How Manual Sign Acquisition Relates to the Development of Spoken Language A Case Study Case Study
Case Study  |   January 01, 1989
How Manual Sign Acquisition Relates to the Development of Spoken Language
 
Author Notes
  • Theresa Kouri is in the School of Speech Pathology and Audiology, Kent State University, Kent, OH 44242. Requests for reprints may be sent to her at this address.
    Theresa Kouri is in the School of Speech Pathology and Audiology, Kent State University, Kent, OH 44242. Requests for reprints may be sent to her at this address.×
Article Information
Case Study
Case Study   |   January 01, 1989
How Manual Sign Acquisition Relates to the Development of Spoken Language
Language, Speech, and Hearing Services in Schools, January 1989, Vol. 20, 50-62. doi:10.1044/0161-1461.2001.50
History: Received March 9, 1988 , Accepted June 27, 1988
 
Language, Speech, and Hearing Services in Schools, January 1989, Vol. 20, 50-62. doi:10.1044/0161-1461.2001.50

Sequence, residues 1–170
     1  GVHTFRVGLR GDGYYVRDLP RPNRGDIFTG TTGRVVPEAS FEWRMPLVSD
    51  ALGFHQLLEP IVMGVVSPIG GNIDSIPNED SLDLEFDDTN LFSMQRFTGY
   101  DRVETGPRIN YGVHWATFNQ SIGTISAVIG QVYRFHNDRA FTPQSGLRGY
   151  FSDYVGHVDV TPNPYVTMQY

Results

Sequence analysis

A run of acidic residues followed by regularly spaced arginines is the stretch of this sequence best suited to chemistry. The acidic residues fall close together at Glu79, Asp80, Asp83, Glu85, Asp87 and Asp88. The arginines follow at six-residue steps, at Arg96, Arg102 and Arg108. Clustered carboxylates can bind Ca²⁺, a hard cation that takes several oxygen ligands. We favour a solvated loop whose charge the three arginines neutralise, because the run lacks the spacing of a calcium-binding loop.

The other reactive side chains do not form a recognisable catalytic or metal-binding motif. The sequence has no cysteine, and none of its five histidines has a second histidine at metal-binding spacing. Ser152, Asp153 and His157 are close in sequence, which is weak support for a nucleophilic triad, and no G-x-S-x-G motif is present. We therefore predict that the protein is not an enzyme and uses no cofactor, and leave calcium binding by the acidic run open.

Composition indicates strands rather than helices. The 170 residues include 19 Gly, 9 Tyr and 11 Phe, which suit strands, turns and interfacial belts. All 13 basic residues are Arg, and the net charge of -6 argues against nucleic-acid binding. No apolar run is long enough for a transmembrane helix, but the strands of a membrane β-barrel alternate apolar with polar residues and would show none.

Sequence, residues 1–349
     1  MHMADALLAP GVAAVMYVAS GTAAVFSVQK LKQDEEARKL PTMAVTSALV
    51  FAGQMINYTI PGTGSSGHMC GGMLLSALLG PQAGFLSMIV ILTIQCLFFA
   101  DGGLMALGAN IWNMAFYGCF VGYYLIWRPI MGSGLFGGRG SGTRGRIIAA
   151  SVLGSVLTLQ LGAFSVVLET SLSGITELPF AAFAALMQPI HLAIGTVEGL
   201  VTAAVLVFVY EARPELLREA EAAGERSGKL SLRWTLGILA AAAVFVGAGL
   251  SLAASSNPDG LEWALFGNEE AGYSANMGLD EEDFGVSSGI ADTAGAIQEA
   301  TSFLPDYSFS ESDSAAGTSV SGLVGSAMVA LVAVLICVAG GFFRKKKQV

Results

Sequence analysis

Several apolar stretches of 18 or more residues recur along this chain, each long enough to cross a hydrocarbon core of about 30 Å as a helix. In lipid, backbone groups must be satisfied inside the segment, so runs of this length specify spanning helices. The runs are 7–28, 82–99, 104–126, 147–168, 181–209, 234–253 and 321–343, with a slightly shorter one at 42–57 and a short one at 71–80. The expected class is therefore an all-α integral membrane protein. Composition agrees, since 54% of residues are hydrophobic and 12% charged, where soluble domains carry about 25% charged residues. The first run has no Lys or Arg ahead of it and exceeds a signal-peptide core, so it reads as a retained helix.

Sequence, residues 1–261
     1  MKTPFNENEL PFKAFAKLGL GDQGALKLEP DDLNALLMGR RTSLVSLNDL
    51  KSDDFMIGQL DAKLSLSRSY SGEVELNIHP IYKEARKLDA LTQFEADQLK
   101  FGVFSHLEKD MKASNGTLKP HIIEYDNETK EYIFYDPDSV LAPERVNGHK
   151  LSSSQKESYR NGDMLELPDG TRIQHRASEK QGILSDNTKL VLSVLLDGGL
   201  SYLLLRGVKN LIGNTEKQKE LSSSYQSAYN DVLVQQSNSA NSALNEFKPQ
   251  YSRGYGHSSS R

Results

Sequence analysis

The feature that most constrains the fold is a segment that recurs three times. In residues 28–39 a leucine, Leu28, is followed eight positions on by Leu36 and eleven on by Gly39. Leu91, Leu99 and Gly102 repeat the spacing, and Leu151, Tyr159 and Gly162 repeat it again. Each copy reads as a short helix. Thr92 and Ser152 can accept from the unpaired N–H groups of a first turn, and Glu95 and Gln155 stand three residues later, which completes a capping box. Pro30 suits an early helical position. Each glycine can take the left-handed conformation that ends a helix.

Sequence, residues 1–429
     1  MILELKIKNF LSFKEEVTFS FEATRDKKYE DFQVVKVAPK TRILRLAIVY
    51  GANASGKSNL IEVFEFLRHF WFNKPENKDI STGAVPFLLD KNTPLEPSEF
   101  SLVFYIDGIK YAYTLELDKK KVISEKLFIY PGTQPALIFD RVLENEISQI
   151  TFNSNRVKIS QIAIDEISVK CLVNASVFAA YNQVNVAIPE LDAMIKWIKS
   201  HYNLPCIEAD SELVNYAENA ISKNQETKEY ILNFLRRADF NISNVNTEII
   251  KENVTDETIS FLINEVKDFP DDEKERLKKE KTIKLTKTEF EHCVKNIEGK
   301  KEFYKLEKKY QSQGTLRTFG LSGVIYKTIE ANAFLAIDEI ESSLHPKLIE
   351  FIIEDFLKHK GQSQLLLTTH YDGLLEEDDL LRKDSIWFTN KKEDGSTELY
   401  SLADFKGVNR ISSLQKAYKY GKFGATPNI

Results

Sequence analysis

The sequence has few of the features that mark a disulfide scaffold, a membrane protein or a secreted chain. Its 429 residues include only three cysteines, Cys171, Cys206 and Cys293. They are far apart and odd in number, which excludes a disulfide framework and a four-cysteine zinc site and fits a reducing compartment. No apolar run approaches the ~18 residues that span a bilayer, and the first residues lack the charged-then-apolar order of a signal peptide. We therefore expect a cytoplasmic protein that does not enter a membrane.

History: Received March 9, 1988; Accepted June 27, 1988

Existing evidence is unclear as to how manual sign acquisition relates to the early development of spoken language. The relationship between signed and spoken word productions was examined in a young girl with Down Syndrome during a treatment regimen utilizing simultaneous input. All of her words were recorded over an 8-month period and classified according to the manner and modality of production (i.e., spontaneous/imitated; signed and/or spoken). Certain analyses revealed that most of the words that the subject initially signed were later spontaneously spoken and that most of her signed productions evolved into spontaneous spoken productions. Various patterns were demonstrated with respect to specific word evolutions (e.g., signed to spoken productions), and sign/spoken production tendencies during the first versus last four months of the investigation. It was concluded that use of simultaneous input supports the production of spoken language.

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